Demand for mainframe capabilities in the last few years has increased drastically due to Big Data, mobile processing, cloud computing and virtualization. Linux excels in all those areas. It's often recognized as the operating system of the cloud and for advancing the most complex technologies across data, mobile and virtualized environments, according to Jim Zemlin, executive director at the Linux Foundation.

"The demands stem from more need for greater computing power, which leads to demands for more software to manage all of that. That general demand is also present in the Open Mainframe Project. Linux -- in particular, on the mainframe -- is growing at an insanely fast pace," he told LinuxInsider.

As mobile and cloud computing become globally pervasive, new levels of speed and efficiency are required in the enterprise, and Linux on the mainframe is poised to deliver, Zemlin said.

"The Open Mainframe Project will bring the best technology leaders together to work on Linux and advanced technologies from across the IT industry to advance the most complex enterprise operations of our time," he added.

Broadening Views

IBM is pushing its own boundaries through the collaboration with Linux Foundation members. The goal is really about broadening the ecosystem, making it much more accessible and making a very collaborative environment, said IBM's Wasko.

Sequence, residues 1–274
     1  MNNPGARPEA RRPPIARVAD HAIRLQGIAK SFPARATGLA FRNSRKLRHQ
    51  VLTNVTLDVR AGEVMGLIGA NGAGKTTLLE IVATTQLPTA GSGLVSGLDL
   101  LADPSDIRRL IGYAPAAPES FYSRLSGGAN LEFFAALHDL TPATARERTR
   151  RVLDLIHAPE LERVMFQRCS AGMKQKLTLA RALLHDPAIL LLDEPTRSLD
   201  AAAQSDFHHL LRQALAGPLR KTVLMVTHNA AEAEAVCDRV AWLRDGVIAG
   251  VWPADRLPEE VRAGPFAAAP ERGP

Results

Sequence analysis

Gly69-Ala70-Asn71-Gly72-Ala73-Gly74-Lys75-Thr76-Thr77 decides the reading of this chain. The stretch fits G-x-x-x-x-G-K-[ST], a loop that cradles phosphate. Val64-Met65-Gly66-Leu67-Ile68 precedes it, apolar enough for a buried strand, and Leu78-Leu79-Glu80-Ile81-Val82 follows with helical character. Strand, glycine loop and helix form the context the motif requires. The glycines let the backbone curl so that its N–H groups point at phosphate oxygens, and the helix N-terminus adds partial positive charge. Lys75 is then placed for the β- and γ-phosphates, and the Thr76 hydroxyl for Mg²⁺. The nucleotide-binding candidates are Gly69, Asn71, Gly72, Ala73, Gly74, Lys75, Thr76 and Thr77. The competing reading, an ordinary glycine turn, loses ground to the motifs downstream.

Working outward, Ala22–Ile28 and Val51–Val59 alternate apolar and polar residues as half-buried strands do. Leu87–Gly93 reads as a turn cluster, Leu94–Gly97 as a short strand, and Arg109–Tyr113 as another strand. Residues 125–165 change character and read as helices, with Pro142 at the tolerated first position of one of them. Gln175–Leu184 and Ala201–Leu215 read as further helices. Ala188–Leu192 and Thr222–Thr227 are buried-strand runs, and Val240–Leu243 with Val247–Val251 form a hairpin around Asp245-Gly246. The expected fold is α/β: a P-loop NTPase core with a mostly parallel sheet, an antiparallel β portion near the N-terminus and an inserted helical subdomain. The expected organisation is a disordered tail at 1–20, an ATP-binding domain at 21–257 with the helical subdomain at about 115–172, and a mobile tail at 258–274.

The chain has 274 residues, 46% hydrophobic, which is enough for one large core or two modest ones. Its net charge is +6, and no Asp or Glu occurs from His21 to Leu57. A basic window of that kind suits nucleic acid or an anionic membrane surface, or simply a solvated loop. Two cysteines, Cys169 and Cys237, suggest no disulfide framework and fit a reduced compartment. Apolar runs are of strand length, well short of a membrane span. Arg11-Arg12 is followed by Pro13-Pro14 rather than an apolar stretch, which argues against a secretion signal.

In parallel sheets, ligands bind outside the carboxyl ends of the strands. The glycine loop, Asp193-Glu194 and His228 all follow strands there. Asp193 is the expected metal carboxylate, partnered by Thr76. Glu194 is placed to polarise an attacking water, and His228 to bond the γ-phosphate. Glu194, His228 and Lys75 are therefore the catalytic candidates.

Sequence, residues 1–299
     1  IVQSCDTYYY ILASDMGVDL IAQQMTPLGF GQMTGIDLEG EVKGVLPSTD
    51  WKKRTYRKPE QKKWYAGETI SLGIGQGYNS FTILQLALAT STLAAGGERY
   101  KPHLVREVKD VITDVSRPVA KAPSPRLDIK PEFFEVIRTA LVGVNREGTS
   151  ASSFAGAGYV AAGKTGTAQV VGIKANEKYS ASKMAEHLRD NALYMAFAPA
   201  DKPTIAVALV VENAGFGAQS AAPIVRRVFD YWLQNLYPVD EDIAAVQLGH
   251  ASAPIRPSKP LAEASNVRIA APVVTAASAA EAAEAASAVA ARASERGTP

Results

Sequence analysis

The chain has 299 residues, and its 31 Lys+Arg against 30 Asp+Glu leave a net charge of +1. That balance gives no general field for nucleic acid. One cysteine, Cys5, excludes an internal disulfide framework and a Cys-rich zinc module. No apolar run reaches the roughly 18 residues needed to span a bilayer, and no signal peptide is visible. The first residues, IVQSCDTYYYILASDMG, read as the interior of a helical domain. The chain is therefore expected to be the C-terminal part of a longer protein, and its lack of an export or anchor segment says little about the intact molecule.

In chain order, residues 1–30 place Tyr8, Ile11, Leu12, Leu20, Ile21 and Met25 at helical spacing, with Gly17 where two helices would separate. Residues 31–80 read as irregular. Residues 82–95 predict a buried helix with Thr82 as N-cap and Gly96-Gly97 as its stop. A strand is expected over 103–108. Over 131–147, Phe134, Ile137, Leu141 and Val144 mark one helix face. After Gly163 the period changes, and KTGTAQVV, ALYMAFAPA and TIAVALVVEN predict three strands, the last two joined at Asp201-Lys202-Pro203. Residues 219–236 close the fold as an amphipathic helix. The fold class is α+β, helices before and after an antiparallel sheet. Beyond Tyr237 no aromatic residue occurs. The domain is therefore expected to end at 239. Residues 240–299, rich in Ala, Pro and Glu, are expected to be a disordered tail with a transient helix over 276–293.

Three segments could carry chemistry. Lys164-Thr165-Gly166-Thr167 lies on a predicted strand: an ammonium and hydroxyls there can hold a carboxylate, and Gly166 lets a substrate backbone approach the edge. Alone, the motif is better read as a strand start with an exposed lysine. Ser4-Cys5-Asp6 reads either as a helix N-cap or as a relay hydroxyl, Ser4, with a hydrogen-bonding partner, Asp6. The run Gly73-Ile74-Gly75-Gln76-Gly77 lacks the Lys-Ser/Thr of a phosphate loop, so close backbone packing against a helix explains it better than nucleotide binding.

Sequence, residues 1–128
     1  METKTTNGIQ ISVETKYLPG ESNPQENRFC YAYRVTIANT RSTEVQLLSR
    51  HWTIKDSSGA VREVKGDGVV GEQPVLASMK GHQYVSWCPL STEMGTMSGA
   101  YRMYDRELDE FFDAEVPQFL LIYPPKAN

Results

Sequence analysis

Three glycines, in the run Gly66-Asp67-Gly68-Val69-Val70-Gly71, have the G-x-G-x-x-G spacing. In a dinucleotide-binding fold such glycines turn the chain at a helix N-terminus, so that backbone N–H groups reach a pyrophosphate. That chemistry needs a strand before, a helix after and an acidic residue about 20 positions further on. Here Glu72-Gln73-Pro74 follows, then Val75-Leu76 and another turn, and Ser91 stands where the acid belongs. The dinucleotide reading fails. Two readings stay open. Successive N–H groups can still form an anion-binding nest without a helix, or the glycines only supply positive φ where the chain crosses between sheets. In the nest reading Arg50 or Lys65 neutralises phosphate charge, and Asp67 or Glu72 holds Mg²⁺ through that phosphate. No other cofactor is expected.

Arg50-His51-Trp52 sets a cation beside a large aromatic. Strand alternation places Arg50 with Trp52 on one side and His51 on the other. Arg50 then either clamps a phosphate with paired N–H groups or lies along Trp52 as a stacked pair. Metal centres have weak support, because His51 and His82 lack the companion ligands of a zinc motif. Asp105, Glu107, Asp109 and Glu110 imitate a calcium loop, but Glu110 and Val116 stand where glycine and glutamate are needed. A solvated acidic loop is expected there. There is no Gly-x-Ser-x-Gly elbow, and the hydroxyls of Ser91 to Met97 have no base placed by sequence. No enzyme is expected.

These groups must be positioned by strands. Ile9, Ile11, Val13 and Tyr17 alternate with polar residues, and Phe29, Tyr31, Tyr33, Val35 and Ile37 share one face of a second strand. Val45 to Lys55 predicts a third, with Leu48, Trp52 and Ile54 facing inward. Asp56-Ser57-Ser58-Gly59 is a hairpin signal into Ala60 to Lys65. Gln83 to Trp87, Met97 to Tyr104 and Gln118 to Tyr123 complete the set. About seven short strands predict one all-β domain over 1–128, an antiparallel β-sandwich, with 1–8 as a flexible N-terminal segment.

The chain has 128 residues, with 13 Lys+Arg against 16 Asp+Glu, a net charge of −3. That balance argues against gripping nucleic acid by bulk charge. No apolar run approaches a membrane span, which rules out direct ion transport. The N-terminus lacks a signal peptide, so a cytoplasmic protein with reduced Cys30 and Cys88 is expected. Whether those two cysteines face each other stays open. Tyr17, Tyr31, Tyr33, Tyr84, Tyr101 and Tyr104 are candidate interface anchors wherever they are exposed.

"Over the years, the Linux Foundation has produced an excellent track record of bringing people and industries together," he said.

The mainframe consortium will make proprietary options even less viable, Wasko suggested.

Operating system alternatives to open source technology on the mobile end include Microsoft's Windows or BlackBerry's QNX -- but neither has worked out well, he said. Solaris is available for the data center and for the mainframe.

Unlike open source, there are few proprietary ecosystems for every category. Open source is where all of the innovation and talent lies, according to Wasko. It is something that companies can leverage to get to market faster. It is something consumers can use to prevent being locked into one particular vendor.

"What we are seeing is the open source stack becoming the norm," he said. "That will continue to be the case. This is billions of dollars of collective research and development."

Openness Works